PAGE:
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Wall Street's Think Tank: The Council on Foreign Relations and the Empire of Neoliberal Geopolitics, 1976-2014

Wall Street’s Think Tank: Why “the ruling class can never be passive” — via Counterfire

Wall Street’s Think Tank: The Council on Foreign Relations and the Empire of Neoliberal Geopolitics, 1976-2014
400 pp, $34 cloth, ISBN 9781583675519
By Laurence H. Shoup

Reviewed by Dominic Alexander

“…It is the argument of Laurence Shoup in Wall Street’s Think Tank that the American institution known as The Council on Foreign Relations is not just another right-wing institute, but is a key organisation for the co-ordination of the capitalist ruling class, particularly in the US, but also, to a significant degree, internationally. Through the CFR, whole networks of the ruling class are knit together, and come to common agreement about the policies and programmes that will sustain

mrp5892

Big Farms Make Big Flu an “important polemic,” says ResoluteReader

The media is a fickle beast, so coverage of potential epidemics of diseases veers between the apocalyptic to nonexistence. As an outbreak occurs we hear about the potential terrifying consequences of the disease, combined with graphic details of the symptoms and frequently pictures of large numbers of dead animals. Rob Wallace‘s new book is an important polemic that argues that we, as a society, should be a lot more concerned about the potential for disease to decimate the human population… | more…

Russia and the Long Transition from Capitalism to Socialism

New! Samir Amin’s Russia and the Long Transition from Capitalism to Socialism

Out of early twentieth-century Russia came the world’s first significant effort to build a modern revolutionary society. According to Marxist economist Samir Amin, the great upheaval that once produced the Soviet Union also produced a movement away from capitalism—a long transition that continues today. In seven concise, provocative chapters, Amin deftly examines the trajectory of Russian capitalism, the Bolshevik Revolution, the collapse of the Soviet Union, the possible future of Russia—and, by extension, the future of socialism itself.… | more…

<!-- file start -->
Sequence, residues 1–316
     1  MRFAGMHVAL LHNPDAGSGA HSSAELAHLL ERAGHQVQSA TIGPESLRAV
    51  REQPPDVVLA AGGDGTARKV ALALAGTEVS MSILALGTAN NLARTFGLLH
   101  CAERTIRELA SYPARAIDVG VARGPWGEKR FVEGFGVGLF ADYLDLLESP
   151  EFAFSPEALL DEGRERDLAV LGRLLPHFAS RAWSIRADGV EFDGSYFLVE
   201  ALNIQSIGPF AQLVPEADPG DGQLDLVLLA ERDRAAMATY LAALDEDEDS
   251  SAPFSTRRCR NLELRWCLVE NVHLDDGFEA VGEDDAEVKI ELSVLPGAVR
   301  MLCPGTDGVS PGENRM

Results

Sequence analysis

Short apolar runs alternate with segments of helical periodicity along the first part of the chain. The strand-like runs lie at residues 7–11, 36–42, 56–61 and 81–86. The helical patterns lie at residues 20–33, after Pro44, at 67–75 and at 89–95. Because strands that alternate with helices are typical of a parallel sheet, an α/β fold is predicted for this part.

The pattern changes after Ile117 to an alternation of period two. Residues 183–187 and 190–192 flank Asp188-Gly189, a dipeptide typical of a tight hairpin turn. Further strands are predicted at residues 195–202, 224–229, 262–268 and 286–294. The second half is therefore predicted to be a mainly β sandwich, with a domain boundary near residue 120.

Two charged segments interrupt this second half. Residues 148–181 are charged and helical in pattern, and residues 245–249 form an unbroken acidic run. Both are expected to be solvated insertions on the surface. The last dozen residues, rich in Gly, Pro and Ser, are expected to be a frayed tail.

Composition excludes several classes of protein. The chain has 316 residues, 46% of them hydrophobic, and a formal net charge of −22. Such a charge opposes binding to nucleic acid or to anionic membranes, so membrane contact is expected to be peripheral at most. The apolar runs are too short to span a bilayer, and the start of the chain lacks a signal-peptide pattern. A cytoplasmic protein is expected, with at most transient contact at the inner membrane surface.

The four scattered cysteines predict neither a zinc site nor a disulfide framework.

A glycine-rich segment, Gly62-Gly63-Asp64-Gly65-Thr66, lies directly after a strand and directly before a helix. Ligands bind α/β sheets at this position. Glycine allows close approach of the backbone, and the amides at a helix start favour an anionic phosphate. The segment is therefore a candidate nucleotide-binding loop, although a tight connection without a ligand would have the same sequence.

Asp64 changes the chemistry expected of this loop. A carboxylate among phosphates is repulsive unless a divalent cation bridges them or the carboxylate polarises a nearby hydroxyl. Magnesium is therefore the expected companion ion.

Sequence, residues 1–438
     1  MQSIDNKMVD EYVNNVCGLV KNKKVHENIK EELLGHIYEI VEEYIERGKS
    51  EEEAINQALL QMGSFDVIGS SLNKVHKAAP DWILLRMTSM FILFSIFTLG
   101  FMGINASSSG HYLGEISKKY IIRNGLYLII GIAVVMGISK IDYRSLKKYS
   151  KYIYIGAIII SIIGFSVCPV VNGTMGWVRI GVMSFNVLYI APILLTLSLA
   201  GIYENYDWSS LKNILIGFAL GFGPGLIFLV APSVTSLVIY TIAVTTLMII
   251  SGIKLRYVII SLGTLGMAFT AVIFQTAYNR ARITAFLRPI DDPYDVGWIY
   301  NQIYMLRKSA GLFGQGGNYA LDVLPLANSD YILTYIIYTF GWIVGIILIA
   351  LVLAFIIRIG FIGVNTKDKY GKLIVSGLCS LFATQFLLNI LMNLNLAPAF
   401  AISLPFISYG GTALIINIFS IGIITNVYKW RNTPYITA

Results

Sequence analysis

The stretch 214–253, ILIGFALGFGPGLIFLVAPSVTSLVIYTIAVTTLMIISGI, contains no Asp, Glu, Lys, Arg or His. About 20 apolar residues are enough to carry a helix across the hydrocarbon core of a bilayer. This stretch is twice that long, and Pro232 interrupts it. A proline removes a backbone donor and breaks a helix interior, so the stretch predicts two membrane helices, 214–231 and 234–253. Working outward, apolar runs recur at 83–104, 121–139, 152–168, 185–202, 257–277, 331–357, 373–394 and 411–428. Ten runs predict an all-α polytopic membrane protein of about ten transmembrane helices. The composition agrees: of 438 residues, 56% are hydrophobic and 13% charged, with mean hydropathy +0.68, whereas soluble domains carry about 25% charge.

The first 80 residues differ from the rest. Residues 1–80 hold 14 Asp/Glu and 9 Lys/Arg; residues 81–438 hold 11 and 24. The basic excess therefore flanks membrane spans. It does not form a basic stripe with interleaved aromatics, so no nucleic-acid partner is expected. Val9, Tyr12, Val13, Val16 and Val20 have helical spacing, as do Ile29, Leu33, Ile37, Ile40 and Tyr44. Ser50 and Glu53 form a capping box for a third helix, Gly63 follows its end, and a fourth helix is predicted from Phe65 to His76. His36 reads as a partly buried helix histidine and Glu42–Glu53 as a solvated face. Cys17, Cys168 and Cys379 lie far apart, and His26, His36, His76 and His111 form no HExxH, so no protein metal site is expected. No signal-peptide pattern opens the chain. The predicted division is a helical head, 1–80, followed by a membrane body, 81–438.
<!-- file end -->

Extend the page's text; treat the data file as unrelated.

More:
Save the Georg Lukács Archive!

From the time the current rightist government in Hungary came into power, the archive of Georg Lukács–a preeminent Marxist of the 20th century–has been under a brutal attack. It has been gradually deprived of its subvention from the Hungarian Academy of Sciences and of its ability to pay its staff. Now, the government threatens to sell the property on which it is located and disperse the archive. … | more…

Americas Addiction to Terrorism

Henry Giroux, “The Racist Killing Machine in the Age of Anti-Politics” via CounterPunch

Henry A. Giroux, author of America’s Addiction to Terrorism, comments on America’s latest onslaught of white supremacy, fueled by the war on terror and this country’s embedded, festering racism:

“The killing machine has become spectacularized, endlessly looped through the mainstream cultural apparatuses both as a way to increase ratings and as an unconscious testimony to the ruthlessness of the violence waged by a racist state. Once again, Americans and the rest of the world are witness to a brutal killing machine, a form of domestic terrorism, responsible for the deaths of Philando Castile and Alton Sterling who were shot point blank by white